Garden Paths of Decomposed Granite — keeping the garden accessible as I age

The area we fancifully call the courtyard, outside of the house, is now an accessible and inviting place to garden or sit with a cuppa.

This year we did the best thing we’ve ever done in the garden. And actually, we didn’t do it.

We hired a professional landscaper to install granite paths for us. I want to say a special thanks to the amazing crew at Anchordoguy Landscaping for their exceptional work! Not only is the result stunning, but they were some of the most considerate people we’ve ever encountered.

Snowball viburnum
Snowball viburnum and vegetable garden beds, now with granite paths to make them more accessible, given my physical limitations.

Our garden has been transformed into something extraordinary, and I can easily admit that it was SO worth it to have professionals install the granite paths. Every day now we walk out to the garden and just pause in awe and the wonder of it.

Over the decades, we mostly used bark mulch for our garden paths. But, due to gophers and weeds, they tended to devolve quickly back to messy, uneven, and even dangerous surfaces to walk on.

I’ve mentioned recently the worsening state of my knees, which now usually require some kind of assistance to get around. Since gardening is more important to me than almost anything else, it was worth it to invest in some better paths.

The courtyard garden before granite paths
THE “BEFORE” PHOTO! We kept having to apply more mulch every year. Gophers would pockmark the surface, creating walking hazards, and the weeds always came back.

If you are not familiar with it, decomposed granite (DG for short) looks kind of like sand, but compacts down to a semi-solid surface. Additives can be used to make it more like cement, but I wanted ours to still allow the rainfall to percolate into the ground to replenish groundwater, so we requested they not use the additive.

The area we fancifully call the courtyard, outside of the house, is now an accessible and inviting place to garden or sit with a cuppa.
The area we fancifully call The Courtyard, outside of the house, is now an accessible and inviting place to garden or sit with a cuppa.
The Installation of Decomposed Granite Paths
Vegetable garden in process of getting new granite paths
Vegetable garden in process of getting new granite paths

First, to prep for the crew, we marked off the edges with chalk spray, and moved a few plants to update the garden design. We also demolished an old decrepit doghouse and a rotting deck — leftover from previous owners decades ago.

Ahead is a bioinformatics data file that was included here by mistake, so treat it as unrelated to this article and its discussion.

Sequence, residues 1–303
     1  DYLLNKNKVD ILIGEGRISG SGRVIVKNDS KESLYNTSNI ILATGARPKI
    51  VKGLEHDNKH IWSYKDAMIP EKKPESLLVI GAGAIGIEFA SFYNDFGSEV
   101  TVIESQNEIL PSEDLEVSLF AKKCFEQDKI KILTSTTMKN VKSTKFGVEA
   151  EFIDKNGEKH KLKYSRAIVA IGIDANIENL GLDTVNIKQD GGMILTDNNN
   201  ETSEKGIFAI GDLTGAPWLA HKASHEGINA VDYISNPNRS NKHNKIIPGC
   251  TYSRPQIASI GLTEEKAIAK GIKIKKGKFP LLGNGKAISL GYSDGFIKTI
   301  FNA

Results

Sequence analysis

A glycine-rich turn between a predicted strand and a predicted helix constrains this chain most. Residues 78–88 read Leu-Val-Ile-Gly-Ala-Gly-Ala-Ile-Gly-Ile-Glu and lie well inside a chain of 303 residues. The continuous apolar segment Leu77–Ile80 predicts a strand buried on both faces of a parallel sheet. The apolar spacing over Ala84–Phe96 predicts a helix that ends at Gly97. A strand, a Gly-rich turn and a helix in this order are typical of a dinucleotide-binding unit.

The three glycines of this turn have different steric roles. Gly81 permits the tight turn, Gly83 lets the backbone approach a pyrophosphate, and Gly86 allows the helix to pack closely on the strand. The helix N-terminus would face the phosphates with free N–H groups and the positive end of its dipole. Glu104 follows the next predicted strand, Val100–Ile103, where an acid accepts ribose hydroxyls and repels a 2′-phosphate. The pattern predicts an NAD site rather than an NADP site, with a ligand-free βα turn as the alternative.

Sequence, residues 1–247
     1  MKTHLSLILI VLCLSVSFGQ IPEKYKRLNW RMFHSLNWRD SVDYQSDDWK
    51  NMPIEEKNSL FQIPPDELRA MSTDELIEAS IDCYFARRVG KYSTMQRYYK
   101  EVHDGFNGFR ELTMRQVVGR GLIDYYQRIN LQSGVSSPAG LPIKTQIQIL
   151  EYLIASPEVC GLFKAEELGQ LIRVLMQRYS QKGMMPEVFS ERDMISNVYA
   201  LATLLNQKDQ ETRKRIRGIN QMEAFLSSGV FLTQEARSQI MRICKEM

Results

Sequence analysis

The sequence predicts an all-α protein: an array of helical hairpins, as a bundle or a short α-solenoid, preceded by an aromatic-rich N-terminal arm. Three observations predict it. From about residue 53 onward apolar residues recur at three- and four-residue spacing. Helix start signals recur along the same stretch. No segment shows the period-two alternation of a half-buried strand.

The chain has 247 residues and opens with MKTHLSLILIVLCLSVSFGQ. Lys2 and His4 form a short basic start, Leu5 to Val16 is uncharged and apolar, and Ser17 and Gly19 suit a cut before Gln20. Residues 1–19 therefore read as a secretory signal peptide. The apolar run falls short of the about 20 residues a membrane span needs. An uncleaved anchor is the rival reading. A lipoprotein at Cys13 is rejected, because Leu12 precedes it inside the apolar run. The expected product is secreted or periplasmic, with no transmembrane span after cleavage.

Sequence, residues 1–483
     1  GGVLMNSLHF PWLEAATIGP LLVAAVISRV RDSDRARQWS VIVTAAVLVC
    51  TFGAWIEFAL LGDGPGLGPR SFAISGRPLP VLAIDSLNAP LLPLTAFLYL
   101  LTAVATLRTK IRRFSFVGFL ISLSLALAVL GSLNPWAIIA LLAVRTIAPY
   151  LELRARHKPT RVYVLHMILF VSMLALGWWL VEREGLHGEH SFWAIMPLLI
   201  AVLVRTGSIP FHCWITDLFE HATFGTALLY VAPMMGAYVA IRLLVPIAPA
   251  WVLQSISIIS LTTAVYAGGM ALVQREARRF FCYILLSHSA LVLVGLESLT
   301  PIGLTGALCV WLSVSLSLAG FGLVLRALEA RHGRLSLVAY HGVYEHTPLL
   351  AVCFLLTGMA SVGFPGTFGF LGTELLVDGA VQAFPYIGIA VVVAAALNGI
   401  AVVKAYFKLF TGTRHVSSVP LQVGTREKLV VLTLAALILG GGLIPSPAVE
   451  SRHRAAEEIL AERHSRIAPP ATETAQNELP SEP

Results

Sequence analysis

When the crew arrived, they started by very tidily removing our copious drip irrigation lines, and then set to work grading the soil. Gopher wire was installed over the whole surface, and that was topped with landscaping cloth. Lastly, the decomposed granite was spread and compacted on top, and the irrigation lines reconnected. If that sounded easy it surely wasn’t! One crew member in particular worked tirelessly for weeks! We are very grateful for all his hard work. Thank you!

Potted plants in the courtyard after granite paths
Potted plants in the courtyard after granite paths. We reduced the the size of the landscaped area on account of the drought.
Maintaining Decomposed Granite Paths

The gardens are now more accessible to me again. I use my electric trike to get around, and the firm, even surface makes walking so much easier too. And yet it is not as hard as cement, so if I fall, I don’t think I would be badly injured.

This electric accessibility trike from Urban Scooters gives my knees a break in getting around the garden.
This electric accessibility trike from Urban Scooters gives my knees a break in getting around the garden. The design makes it possible for me to get on and off without bending my knees much. This trike is meant only for street paving, and can be a little difficult to turn, but I’m strong and manage it well enough. The back tires are a bit difficult to find replacements for–an area for improvement. But I love that it has a carry shelf on the back. It’s plenty powerful, has a reverse gear, and the battery charge lasts a long time. The granite paths give the trike a firmer surface for navigation.
Sombreuil Rose
Sombreuil Rose — not only are the decomposed granite paths easier to walk on, they set off the beauty of the plants so well!

For weeds that do manage to sprout on top of the decomposed granite paths, we are using a 30% vinegar spray.

For debris that falls onto the paths, I either rake or use a broom called Better Broom, that we got from Harmony Farm Supply. The bristles are very stiff but also not too dense, so that it is perfect for sweeping up any debris on top of the paths without displacing much of the granite.

To keep the sand-like granite particles from being tracked inside, be sure to use doormats. Luckily, this isn’t too much of an issue for me, since I have travertine tile flooring. (We got it on sale and I installed it myself back in my salad days. Glad I did that back then! Whew.)

It's so much easier to get around the garden vegetable beds now!
It’s so much easier to get around the garden vegetable beds now!
Keeping Our Gardens (and Homes) Accessible As We Age
Lettuce inter-planted with pollinator-friendly plants
Lettuce inter-planted with pollinator-friendly plants

While we’re on the topic of accessibility in the garden, I want to thank another blogger, writing as Going Batty In Wales, who has posted a series recently about Building Resilience so she can continue living and enjoying her garden and home into her later decades. This is my wish as well and I read her pieces on this topic with great interest.

There is much talk of aging in place these days. A quote from this site says,

Within 20 years, one in five Americans—almost 80 million people—will be older than 65 and, surveys indicate, they will want to remain in the current homes for as long as possible. However, the country currently lacks the accessible housing units and supportive social services needed to accommodate these desires.